Mastering The Art of Transition
The only certainty is uncertainty. Life is in a constant state of flux, never stagnant and always changing. Yet we crave security and permanence. Jiddu Krishnamurti describes this paradox best “we all want a state of permanency; we want certain desires to last for ever, we want pleasures to have no end. We dig a little hole and barricade ourselves in it with our families, with our ambitions, our cultures, our fears, our gods, our various forms of worship, and there we die, letting life go by — that life which is impermanent, constantly changing, which is so swift, which has such enormous depths, such extraordinary vitality and beauty”.
The irony, of course, is that in seeking permanence we miss the subtleties, the small but powerful moments which color life with character and depth. But there is a deeper, more insidious consequence to this search. This epiphany dawned on me during a pitch meeting of all places.
For those of you unfamiliar with the business world, a pitch, is essentially when an entrepreneur presents their business idea to would be investors. (Think Shark Tank). In this case I was the entrepreneur. Pitching is a form of performance art. It is not just the content of your pitch but it’s delivery that determines its effectiveness. Each performance is catered to its audience. In order to effectively pitch, one must gauge the audiences reaction in real time and pivot if necessary.
So here I was, mid pitch when I noticed something not entirely strange. The audience wasn’t engaged. They were listening politely but not really hearing me. Why I wondered? The content of the pitch was solid, my performance had been rehearsed, perfected. Then it dawned on me. I was losing them in the transition between Power Point slides. The space in between spaces. They were still in the middle of understanding one concept when I suddenly thrust another into their mental landscape. As they grew more distant I grew more frustrated and the performance lost its authenticity.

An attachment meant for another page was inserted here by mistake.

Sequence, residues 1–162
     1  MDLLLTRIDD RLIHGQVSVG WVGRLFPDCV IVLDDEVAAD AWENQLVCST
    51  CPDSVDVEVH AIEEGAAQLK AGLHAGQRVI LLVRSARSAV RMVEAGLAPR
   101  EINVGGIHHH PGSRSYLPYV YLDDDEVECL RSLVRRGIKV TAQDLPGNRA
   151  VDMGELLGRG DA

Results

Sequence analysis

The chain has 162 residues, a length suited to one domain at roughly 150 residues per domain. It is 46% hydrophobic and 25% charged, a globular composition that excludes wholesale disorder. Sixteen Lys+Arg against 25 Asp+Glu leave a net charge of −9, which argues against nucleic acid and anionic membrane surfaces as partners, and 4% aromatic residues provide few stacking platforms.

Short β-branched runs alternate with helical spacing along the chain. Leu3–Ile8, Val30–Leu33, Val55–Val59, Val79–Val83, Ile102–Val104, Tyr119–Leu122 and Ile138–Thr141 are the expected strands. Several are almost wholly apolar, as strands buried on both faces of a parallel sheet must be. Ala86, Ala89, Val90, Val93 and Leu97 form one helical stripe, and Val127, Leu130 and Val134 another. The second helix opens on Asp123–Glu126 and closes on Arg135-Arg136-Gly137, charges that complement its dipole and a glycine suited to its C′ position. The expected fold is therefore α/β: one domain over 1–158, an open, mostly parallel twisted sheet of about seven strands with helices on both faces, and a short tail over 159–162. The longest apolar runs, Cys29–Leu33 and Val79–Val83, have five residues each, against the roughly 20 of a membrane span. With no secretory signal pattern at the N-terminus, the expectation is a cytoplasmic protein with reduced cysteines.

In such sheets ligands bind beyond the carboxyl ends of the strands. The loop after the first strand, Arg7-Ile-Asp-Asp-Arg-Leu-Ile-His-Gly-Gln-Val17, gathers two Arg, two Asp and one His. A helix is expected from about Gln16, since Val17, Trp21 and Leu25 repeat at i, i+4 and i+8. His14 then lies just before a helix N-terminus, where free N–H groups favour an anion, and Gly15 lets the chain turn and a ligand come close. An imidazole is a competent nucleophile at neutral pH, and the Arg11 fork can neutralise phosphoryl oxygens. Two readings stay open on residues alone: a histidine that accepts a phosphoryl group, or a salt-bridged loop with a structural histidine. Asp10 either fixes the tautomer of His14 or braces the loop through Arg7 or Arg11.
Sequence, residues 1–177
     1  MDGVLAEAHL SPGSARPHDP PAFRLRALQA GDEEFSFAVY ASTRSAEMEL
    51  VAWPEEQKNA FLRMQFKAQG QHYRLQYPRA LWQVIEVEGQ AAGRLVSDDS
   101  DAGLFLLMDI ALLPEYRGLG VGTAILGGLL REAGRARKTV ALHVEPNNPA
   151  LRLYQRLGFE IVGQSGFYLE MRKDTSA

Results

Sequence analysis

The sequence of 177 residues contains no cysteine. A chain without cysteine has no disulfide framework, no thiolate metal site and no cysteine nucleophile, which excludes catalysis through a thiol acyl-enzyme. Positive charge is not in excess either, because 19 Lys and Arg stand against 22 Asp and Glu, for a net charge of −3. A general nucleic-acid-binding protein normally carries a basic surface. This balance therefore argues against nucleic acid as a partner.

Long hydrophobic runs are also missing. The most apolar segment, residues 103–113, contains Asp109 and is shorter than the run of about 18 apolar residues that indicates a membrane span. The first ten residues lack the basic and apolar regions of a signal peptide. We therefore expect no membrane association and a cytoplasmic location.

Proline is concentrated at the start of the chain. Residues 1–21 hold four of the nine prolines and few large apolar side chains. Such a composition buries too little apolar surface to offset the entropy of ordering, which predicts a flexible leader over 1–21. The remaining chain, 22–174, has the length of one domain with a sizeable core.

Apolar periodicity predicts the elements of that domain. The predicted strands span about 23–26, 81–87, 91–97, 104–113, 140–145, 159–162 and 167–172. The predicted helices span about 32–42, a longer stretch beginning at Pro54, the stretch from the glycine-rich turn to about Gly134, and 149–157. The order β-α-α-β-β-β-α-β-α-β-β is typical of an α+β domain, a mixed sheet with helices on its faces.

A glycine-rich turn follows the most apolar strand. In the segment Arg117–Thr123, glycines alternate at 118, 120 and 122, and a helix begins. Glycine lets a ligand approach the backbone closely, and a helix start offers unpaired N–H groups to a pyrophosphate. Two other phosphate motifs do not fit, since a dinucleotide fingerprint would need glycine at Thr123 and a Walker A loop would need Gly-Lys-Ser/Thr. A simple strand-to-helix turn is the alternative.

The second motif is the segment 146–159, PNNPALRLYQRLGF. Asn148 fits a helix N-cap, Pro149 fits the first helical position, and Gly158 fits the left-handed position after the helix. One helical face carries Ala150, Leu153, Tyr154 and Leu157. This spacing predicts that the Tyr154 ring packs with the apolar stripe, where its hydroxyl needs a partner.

Later that evening, as I deconstructed my performance I realized that this is not a singular phenomenon. Josh Waitzkin, the child chess prodigy, martial arts champion and subject of the film Searching For Bobby Fischer describes this phenomenon as it relates to chess in his great book, The Art of Learning: A Journey in the Pursuit of Excellence. He describes a situation in which one player has a slight advantage over another. The player with the advantage nurses it throughout the course of the game then suddenly something happens. A change in momentum that nullifies the advantage.
Yet the player who previously had the advantages fails to adapt. He bases his strategy on what was rather then then what is. In short, he misses the transition and clings to the past. His previous advantage has blinded him to objective reality and has now become a disadvantage.
So too with me. My pitch was carefully crafted. I painstakingly designed each image and carefully selected each word for maximum effectiveness. But I was to invested in the outcome. I was married to the endgame and not the process itself.
What dawned on me was that in business as in life, one must embrace uncertainty and master the art of the transition. If life is a series of transitions then it stands to reason that by mastering the process of transition one masters their destiny.
We can make plans and execute them to the best of our ability but there are always unforeseen circumstances that threaten to destroy our plans. But being at peace with the unknown, cultivating a relationship of wonder and excitement at unexpected challenges is the only way to effectively deal with them. Wade Boggs, the former Major League Baseball player turned author says it best “Our lives are not determined by what happens to us but how we react to what happens, not by what life brings us but the attitude we bring to life”.